Donald De Lue

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Louisiana State Monument (1971), Gettysburg Battlefield.

Donald Harcourt De Lue (October 5, 1897, Boston, Massachusetts – August 26, 1988, Leonardo, New Jersey) was an American sculptor, best known for his public monuments.[1]

Life and career[edit]

De Lue studied at the Boston Museum of Fine Arts and later served as an assistant to sculptors Richard Henry Recchia and Robert P. Baker. This was followed by five years in Paris where he continued his study, while working as an assistant to various French artists. He returned to the United States where he was engaged by Bryant Baker. In 1940 he was elected into the National Academy of Design as an Associate member, and became a full Academician in 1943.

In 1941, De Lue won a competition to create sculpture for the U.S. Post Office and Courthouse Building in Philadelphia, and from then on he stopped being an assistant for other artists and only worked on his own commissions and creations.

De Lue's works can be found in many museums across America. Like many other sculptors of his generation, he executed architectural works. He was also a prolific designer of medals and medallions.

De Lue taught at the Beaux-Arts Institute of Design in New York City during the early 1940s. In 1960, he won two Henry Hering Awards, given by the National Sculpture Society for outstanding collaboration between a sculptor and an architect, for the Normandy American Cemetery and Memorial in Colleville-sur-Mer, France, and for the Stations of the Cross at the Loyola Jesuit Seminary in Shrub Oak, New York.

In 1967, De Lue won the American Numismatic Society's J. Sanford Saltus Award for Outstanding Achievement in the Art of the Medal, known as the Saltus Award.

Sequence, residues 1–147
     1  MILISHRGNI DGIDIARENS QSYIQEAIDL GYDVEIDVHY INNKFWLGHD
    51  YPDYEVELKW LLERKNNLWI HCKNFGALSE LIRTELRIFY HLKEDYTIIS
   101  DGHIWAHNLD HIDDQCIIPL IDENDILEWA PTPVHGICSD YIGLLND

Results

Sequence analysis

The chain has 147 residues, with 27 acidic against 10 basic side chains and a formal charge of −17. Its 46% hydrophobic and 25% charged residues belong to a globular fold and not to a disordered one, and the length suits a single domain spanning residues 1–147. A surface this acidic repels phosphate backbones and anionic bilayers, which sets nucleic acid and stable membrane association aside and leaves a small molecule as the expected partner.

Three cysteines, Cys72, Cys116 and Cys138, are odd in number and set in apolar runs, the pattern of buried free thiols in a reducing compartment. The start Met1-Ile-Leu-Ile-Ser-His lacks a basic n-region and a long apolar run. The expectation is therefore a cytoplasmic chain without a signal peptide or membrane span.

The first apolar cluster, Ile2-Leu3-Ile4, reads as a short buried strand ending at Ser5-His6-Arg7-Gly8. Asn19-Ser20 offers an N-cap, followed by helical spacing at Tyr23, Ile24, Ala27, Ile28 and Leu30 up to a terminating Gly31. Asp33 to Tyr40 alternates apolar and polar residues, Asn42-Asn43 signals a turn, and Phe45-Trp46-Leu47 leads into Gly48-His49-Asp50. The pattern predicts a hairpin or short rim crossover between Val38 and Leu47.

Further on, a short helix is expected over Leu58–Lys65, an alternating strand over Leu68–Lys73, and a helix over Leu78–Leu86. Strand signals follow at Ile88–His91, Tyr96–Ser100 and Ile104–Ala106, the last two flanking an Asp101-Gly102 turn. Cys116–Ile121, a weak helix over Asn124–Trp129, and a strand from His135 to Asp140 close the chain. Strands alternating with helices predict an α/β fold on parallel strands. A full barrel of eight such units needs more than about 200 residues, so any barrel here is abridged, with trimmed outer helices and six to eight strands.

Beginning in 1964, for many years De Lue was a Trustee of Brookgreen Gardens, as well as Chairman of the Art Committee.[2]

In his later years, De Lue and his wife Naomi (who served as a model for many of his statues) lived in the Leonardo section of Middletown Township, New Jersey, a small shore town with a bayside beach and long-distance view of lower Manhattan.[3] De Lue cited the 23rd Psalm and the words "He leadeth me beside the still waters..." as the inspiration by which he arrived in Leonardo from New York City. Although he continued to maintain his NYC apartment, it was in his Leonardo studio that many of his largest statues were made. One of the last was a commission by a private individual intended for the Alamo in San Antonio, Texas. The bigger-than-life statue of Bowie, Travis and Crockett was considered "too violent" by the Daughters of the Republic of Texas for placement in a sacred chapel. A compromise was sought, that the statue be installed outside the building in the large courtyard rather than inside. DeLue and his patron, a wealthy Texan, preferred the statue be installed in the interior space for which it was made. Unfortunately, the impasse was never resolved in De Lue's lifetime.

Donald and Naomi De Lue are buried in Old Bridge Township, New Jersey.

Selected works[edit]

Pennsylvania Sites[edit]

Other U.S. Sites[edit]